Melissa Farlow has worked extensively in the American West for National Geographic, driving 20,000 miles for a magazine story and book on public lands, and more recently, documenting mustang herds. Another driving trip took her through South America to chronicle life along the Pan American highway for a National Geographic book titled, "The Long Road South". Other National Geographic Magazine stories of hers feature varied subjects-culture and climate change in the Alps and West Virginia's mountaintop removal mining. Themes of land and people are chronicled in Alaska's Tongass Forest, Okefenokee Swamp, Hudson Valley, Meadowlands, National Road, Kentucky Horse Country, Invasive Species, and a photo-biography of landscape designer Frederick Law Olmsted. One story required four months traveling to many of the national parks for the magazine, and a separate piece on Olympic National Park.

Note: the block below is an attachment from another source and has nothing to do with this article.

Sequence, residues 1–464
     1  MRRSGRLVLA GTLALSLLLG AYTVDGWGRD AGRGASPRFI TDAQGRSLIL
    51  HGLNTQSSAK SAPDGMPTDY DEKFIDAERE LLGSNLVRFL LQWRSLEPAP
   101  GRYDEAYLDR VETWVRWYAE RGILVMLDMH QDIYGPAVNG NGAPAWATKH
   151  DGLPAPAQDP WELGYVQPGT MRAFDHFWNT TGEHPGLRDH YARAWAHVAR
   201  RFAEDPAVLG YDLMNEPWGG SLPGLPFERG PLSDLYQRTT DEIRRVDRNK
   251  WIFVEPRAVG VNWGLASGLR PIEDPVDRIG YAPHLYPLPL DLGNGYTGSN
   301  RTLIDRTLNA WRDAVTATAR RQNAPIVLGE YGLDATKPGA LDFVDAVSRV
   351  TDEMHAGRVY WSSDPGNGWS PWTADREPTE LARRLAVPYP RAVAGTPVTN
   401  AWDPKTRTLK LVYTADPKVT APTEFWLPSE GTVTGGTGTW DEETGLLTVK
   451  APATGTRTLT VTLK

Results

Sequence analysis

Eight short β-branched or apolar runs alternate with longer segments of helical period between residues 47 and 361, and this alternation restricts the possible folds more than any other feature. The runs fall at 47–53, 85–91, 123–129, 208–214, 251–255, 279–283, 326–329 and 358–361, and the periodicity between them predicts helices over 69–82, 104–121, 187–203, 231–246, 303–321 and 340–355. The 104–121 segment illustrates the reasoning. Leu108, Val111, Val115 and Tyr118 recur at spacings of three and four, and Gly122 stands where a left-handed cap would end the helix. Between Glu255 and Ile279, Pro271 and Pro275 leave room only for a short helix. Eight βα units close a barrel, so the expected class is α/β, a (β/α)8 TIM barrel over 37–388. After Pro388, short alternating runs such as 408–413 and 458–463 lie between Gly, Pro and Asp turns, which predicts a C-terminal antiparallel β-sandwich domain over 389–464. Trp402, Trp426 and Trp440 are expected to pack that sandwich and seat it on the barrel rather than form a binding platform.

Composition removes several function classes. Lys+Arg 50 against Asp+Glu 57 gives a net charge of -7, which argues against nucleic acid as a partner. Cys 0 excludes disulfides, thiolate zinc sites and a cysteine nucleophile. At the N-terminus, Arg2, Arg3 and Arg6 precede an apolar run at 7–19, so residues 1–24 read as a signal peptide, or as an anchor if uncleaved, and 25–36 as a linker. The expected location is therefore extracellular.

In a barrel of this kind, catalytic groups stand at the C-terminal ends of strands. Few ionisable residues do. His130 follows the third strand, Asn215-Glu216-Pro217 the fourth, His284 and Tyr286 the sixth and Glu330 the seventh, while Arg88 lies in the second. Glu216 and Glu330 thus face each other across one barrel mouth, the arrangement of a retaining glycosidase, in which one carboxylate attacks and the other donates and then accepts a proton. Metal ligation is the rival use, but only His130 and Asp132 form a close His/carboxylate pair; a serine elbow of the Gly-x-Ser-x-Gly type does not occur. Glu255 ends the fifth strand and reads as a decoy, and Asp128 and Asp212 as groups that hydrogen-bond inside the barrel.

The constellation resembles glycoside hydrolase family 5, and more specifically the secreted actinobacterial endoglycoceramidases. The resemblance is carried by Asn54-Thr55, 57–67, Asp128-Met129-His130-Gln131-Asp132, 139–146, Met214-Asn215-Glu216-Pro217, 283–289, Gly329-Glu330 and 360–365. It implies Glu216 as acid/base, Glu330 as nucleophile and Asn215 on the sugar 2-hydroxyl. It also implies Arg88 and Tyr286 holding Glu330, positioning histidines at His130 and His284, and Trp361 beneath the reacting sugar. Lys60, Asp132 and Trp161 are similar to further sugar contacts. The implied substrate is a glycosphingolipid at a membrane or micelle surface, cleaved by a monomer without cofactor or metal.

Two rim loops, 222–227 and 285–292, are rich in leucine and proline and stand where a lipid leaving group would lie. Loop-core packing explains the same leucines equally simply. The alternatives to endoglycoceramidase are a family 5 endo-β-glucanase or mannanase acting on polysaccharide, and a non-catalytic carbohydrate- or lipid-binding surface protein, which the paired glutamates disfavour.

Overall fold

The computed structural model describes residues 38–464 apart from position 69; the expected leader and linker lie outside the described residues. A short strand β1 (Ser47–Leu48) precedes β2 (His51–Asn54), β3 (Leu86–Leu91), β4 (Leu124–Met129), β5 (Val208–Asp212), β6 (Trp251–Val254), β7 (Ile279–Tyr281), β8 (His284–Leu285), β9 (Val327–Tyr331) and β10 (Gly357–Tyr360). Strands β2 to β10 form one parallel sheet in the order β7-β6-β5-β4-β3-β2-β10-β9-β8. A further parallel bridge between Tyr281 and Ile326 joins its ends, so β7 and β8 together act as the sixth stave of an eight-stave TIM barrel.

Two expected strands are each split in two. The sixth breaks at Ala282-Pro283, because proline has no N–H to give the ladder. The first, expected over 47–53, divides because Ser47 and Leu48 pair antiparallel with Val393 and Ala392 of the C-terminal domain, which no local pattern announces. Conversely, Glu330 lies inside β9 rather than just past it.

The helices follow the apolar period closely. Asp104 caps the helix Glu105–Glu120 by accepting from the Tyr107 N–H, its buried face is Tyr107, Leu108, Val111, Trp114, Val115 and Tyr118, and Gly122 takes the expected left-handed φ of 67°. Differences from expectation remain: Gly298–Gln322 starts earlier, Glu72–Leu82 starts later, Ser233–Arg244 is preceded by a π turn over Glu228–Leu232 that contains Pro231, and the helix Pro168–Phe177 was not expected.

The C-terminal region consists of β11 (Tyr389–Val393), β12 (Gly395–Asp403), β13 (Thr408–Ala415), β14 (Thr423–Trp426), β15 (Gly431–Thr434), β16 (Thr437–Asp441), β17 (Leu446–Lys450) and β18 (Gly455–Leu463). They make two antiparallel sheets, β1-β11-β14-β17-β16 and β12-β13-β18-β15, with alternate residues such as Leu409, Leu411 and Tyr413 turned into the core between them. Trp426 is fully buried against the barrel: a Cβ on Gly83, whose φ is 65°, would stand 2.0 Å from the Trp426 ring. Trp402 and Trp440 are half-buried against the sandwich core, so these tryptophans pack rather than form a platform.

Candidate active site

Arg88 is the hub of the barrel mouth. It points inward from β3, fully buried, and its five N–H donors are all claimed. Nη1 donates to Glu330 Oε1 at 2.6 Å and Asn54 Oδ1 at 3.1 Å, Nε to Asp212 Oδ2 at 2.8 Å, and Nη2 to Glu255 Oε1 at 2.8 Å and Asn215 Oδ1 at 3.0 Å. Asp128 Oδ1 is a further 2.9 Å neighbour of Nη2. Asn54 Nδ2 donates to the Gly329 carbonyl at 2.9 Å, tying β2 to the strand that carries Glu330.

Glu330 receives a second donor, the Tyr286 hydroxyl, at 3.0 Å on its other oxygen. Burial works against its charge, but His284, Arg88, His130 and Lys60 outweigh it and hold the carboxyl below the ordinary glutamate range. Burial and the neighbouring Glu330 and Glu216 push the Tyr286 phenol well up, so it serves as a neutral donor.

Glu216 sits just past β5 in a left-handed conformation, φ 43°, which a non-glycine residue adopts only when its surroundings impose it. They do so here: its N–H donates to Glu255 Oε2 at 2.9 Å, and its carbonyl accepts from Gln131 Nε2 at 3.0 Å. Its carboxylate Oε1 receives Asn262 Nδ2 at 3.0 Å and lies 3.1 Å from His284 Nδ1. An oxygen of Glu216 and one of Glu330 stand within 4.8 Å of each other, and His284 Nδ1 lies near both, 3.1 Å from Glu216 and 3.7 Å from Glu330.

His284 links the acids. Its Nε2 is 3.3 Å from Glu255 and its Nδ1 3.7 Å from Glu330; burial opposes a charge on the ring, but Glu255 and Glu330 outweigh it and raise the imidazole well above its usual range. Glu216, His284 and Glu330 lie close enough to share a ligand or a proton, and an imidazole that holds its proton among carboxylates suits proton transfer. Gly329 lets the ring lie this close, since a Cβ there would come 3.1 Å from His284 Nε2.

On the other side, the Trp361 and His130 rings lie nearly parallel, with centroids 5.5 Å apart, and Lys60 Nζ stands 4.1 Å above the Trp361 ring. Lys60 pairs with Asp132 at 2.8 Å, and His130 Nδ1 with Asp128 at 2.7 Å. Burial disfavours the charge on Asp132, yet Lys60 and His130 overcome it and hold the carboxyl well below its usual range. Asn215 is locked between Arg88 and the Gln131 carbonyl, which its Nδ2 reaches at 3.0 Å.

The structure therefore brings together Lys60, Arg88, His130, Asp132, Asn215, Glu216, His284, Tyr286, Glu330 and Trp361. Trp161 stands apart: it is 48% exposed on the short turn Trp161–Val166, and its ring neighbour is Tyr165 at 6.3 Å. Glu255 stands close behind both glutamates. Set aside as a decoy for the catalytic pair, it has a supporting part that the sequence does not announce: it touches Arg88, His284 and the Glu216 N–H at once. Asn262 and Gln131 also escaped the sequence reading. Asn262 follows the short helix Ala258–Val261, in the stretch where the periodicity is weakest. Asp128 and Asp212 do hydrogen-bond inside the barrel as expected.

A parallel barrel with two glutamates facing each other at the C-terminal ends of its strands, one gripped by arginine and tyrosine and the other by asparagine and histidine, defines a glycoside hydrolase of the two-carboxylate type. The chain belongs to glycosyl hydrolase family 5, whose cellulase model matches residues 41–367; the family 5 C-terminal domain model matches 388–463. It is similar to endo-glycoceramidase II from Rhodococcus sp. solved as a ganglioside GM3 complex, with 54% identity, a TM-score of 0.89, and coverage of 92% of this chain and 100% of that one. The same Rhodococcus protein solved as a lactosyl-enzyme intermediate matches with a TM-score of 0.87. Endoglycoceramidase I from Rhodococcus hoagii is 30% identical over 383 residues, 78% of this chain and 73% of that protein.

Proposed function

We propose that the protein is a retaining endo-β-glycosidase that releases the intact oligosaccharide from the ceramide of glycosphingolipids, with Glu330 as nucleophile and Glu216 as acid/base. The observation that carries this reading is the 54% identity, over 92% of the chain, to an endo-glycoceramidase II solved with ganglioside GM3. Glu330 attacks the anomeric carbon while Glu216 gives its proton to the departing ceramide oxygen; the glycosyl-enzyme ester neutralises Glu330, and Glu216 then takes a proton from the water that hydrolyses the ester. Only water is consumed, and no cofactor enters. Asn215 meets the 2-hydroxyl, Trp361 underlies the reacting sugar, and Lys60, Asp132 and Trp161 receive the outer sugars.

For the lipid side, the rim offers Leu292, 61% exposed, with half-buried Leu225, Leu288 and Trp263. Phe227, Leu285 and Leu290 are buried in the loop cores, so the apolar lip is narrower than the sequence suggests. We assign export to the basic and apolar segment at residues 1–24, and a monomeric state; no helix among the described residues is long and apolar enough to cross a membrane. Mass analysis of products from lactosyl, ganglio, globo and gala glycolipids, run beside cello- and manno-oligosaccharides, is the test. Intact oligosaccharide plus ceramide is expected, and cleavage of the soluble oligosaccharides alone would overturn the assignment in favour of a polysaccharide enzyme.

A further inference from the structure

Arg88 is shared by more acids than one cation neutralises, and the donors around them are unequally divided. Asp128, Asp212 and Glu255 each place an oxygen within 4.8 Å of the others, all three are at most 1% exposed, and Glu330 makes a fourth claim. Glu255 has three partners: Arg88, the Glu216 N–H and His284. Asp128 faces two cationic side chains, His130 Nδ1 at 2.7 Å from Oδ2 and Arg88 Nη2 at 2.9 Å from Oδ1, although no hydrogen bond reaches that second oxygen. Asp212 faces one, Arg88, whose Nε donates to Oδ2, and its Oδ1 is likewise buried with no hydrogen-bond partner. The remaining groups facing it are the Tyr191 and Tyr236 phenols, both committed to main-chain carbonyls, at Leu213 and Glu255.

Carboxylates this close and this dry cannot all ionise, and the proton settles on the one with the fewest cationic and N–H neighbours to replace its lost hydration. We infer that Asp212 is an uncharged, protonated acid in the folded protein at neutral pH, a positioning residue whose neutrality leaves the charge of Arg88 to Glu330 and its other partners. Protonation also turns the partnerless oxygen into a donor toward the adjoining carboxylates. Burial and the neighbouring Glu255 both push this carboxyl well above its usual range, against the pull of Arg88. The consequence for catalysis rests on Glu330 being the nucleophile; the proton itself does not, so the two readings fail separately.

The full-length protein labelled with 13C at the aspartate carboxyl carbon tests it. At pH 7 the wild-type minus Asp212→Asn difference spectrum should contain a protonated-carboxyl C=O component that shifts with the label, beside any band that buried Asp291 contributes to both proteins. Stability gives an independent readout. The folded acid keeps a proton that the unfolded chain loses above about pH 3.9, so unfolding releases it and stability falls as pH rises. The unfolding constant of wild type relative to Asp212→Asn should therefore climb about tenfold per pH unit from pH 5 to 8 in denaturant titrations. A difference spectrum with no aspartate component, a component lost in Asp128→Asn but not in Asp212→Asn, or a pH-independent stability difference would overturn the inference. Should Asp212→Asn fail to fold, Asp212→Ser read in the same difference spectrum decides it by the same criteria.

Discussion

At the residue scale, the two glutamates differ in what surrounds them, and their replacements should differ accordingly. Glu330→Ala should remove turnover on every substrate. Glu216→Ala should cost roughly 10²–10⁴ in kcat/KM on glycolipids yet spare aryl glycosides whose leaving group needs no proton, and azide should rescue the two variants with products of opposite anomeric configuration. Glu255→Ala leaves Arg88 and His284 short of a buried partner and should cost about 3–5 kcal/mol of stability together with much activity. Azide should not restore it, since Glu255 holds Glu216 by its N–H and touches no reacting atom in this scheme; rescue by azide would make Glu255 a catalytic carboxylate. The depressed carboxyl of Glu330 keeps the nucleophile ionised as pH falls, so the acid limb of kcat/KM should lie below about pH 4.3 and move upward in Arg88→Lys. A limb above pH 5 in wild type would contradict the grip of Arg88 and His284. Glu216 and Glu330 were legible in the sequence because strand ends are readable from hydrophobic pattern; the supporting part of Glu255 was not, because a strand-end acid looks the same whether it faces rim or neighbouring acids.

Before freelancing, Farlow worked as a staff photographer at the Courier-Journal and The Louisville Times newspapers. She has a Pulitzer Prize for a joint project documenting desegregation of the public schools in Louisville, KY. Her newspaper work focused on long term projects, winning awards in POYi and various contests. For two years she chronicled Pittsburgh's changes for the Heinz Endowments.
As the economics of print dwindles the two have continued to support their documentary interests by doing advertising campaigns and corporate work. They live in Pennsylvania and Oregon.